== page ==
The combination of the Duomid and the OookWorks inner is a real success. The Duomid has a huge amount of space in the porch to store rucksack and other bits and pieces. There is enough room in the inner to store clothes and any other sensitive items. Sean has some excellent pictures of the setup.

As I’ve mentioned before, I am tempted to get a cuben flysheet. Coupled with a 340g inner, I could reduce the overall weight by nearly 0.5kg. Using the same pegs and pole extender, the total weight would come down to around 860g.

Running out of wind

Despite recent windy weather, especially in Scotland, it appears that average wind speed for the UK has declined. This is related to the position of the jet stream and sun spot activity. The long-term forecast is for this trend to continue. This not exactly positive for the wind farming industry. Will this change policy? Lobbying groups are too entrenched and the subsidy machine is in full swing. Today’s Telegraph.

The weather magnet

I returned from the Lake District this afternoon. The blogpackinglight weather magnet was in good working order. Thursday was a washout, but I was camping at Seathwaite Tarn in a very pleasant spot, so I wasn’t too put out. It did knock the plans for the next day for six, but such is life. Friday night/Saturday morning saw another epic downpour. Two for the price of one! I’ll put together some words and photos over the next few days, although there are likely to be more photos than words. For the gearheads, the Duomid and OookWorks inner worked very well, both in keeping me dry and sheltering me from some moderately strong winds. More later.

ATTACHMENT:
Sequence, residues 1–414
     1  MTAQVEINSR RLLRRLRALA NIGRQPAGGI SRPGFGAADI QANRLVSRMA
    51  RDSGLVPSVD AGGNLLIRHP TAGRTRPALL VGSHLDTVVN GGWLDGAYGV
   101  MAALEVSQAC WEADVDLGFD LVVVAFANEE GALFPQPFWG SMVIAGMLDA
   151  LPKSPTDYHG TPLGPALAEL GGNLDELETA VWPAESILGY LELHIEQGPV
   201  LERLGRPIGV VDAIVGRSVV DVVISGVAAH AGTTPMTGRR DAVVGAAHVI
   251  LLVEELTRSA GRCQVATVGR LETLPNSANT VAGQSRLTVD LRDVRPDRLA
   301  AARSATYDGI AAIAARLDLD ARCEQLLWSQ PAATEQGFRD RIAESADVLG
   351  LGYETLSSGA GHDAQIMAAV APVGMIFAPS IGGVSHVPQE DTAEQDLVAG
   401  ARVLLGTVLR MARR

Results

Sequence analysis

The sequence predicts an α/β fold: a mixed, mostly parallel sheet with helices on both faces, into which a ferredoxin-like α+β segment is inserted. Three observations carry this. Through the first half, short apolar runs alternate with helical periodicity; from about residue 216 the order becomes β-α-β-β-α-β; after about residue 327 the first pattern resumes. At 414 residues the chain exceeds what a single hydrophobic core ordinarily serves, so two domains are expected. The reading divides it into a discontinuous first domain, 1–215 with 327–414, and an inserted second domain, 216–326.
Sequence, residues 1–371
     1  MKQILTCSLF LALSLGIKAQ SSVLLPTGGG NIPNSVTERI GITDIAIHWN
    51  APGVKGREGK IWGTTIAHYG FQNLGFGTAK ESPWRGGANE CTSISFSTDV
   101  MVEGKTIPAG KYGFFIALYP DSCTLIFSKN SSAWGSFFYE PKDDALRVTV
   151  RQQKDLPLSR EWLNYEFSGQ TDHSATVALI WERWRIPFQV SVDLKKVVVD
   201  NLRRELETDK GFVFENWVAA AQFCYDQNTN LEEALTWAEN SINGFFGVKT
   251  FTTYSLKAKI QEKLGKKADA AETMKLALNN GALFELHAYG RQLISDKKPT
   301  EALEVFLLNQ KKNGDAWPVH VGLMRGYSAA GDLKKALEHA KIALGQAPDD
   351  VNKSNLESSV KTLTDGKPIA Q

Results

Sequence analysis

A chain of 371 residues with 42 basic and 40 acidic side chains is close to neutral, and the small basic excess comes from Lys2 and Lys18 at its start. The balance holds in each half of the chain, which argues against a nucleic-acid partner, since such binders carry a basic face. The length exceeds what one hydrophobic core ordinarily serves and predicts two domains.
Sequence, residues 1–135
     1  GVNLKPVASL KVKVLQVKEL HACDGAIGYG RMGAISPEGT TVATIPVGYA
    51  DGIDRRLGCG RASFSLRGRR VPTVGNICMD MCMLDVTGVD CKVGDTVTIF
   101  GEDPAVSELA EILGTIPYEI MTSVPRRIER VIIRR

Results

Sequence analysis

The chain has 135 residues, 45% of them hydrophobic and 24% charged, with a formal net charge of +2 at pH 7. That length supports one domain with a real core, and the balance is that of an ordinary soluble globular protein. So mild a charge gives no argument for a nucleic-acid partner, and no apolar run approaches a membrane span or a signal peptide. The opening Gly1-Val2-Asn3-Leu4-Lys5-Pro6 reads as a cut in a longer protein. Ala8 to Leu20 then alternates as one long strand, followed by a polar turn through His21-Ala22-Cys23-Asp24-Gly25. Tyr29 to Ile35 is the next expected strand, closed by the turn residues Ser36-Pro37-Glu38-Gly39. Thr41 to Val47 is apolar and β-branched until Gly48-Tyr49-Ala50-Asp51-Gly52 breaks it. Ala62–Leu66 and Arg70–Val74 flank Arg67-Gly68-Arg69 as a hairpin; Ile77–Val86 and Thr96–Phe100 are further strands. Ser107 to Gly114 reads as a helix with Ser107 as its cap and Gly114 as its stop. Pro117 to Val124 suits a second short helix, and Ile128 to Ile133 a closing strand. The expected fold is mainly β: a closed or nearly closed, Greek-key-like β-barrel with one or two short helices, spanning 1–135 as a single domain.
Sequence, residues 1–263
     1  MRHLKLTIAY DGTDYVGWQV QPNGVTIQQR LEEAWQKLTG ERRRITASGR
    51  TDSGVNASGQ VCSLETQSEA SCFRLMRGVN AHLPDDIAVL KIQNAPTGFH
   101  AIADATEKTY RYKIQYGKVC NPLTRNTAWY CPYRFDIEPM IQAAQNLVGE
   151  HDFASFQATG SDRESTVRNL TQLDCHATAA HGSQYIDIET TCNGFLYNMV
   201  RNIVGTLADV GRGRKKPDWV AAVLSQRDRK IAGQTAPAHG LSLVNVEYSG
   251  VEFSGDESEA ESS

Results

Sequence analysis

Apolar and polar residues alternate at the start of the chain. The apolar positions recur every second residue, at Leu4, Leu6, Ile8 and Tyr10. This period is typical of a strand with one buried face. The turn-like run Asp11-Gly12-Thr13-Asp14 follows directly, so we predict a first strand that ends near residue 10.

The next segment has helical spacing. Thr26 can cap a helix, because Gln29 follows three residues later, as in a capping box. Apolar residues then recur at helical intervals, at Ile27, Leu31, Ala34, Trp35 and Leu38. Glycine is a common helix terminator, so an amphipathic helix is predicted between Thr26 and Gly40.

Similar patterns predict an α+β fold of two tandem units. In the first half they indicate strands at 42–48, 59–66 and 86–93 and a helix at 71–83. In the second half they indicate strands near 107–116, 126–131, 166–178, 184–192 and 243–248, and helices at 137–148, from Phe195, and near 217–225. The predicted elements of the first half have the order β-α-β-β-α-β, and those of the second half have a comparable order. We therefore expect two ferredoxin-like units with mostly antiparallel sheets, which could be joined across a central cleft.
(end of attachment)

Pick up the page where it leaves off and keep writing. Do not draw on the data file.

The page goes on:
Off to see the wizard

I’ve had a busy week, hence the break in posts. However, I should be off to the Lakes for a few days on Tuesday. On trial will be the Duomid and new inner. I’ll also be taking the Montane Minimus jacket. The forecast for Wednesday suggests it might see some action. I will also take my Litespeed with adjustable cuffs, paired with my Patagonia R1 pullover. Apart from that, it will all be familiar stuff.